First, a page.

The Capper Nomads Europe Adventure travel blog

Zennor Cove

Looking along the coast from Zennor Head

Another view

Miss Daisy enjoying the view

Levant mine

Looking down

The boiler for the engine

The engine

the winding wheels

Along the coast at Levant Mine

One of the many stacks

View from Land's End

Looking straight out

The famopus rocks off Land's End

Tony and Daisy

I see no ships Mum

The famous signpost

Minack stage

The orchestra tent

Some of the seating

The Ruddigore gates

Tony eating a Cornish pasty

Another shot of the stage

All nice and cosy

The boxes


Some more seating

The duet

A busy day today. We headed south and west towards Lands End. Our first intended stop was going to be St Ives but we could not find a car parking space so we headed further along the coast through moorlands to the small village of Zennor. In 1916 D.H. Lawrence came to live in the village with some friends with the intention of developing a writer’s community. His friends did not stay but Lawrence stayed and wrote “Women in Love”.

From the village we took a short walk to the sea and Zennor Head before we got back on the road along the coast.

Our next stop was the Levant Mine. In driving around Cornwall you are regularly reminded of the Cornish tin and copper mining with the presence of old stacks standing silently in the countryside. The Levant Mine was for 110 years “the queen of Cornwell submarine mines” with undersea levels stretching more than a mile out under the sea. Today the seams are closed off, many of the former buildings are now shells of their former selves but the beam winding (whim) engine still runs. The engine in the Michell’s engine house was built in 1840. Its purpose was to raise ore to “grass” (surface) from the deep submarine workings. The engine ran continuously for 90 years until the mine closed in 1930. The engine has now been restored by the National Trust and is back in operation on “steaming days” which we were lucky to catch, along with touring the various buildings of the old mine. It was quite thought provoking to see and learn about an industry now long gone and to reflect on the poor working and living conditions of the workers compared to the grand houses of the owners of the mines.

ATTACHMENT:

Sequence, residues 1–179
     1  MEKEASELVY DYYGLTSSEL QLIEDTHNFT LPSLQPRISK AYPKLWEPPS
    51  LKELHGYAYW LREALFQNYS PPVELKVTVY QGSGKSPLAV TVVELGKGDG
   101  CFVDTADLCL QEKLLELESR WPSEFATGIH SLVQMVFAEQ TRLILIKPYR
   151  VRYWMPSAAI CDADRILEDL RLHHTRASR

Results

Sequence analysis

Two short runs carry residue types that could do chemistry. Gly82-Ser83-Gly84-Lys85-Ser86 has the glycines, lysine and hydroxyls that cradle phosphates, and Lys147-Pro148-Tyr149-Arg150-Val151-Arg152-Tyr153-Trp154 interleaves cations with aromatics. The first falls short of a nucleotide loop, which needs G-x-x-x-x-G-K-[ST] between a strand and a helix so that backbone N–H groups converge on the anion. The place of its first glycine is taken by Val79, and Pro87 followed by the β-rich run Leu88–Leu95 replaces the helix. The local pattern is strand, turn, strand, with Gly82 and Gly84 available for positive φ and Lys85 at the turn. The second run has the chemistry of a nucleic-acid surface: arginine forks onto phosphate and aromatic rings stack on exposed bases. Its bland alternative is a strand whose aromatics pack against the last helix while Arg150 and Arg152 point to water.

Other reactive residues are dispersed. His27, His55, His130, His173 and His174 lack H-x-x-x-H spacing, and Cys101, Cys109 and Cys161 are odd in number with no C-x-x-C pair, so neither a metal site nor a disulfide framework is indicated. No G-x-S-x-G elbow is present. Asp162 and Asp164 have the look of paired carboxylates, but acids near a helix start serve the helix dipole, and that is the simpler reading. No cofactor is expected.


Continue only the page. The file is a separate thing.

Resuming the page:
Late in the afternoon we visited Land’s End after most of the crowds and the “tat” had closed. Land’s End is the most westerly point in England and therefore attracts a lot of visitors. We just went there to say we had done it and to fill in time before we went to the Minack Theatre at Porthcurno.

We had managed to get tickets to see Gilbert and Sullivan’s Ruddigore performed by the Cambridge University G&S Society. We wanted to see the theatre and this was just perfect. The theatre is an open–air theatre constructed above a gully with a rocky granite outcrop jutting into the sea.

The theatre was the brainchild of Rowena Cade who moved to Cornwall after the First World War and built a house at Minack Point. She got involved with the local theatre group. In 1932 they decided to perform “The Tempest” and Miss Cade offered her house as a suitable location. This was the start of the theatre. Miss Cade and her gardener made a terrace and rough seating, hauling materials down from the house or up via the winding path from the beach below. “The Tempest” was performed with the sea as a dramatic backdrop, to great success. Miss Cade resolved to improve the theatre, toiling hard over the course of the winter months each year throughout her life. Although Rowena Cade died in 1983 the theatre continues and now has 750 seats with a spectacular backdrop of Porthcurno Bay.

Before the performance we had time to admire the theatre in the light and also enjoy our picnic. The performance of Ruddigore was excellent with some lovely additions particularly the introduction to Act 2 with an organ duet of a competing medley of G&S famous tunes.

It had been a long but excellent day.

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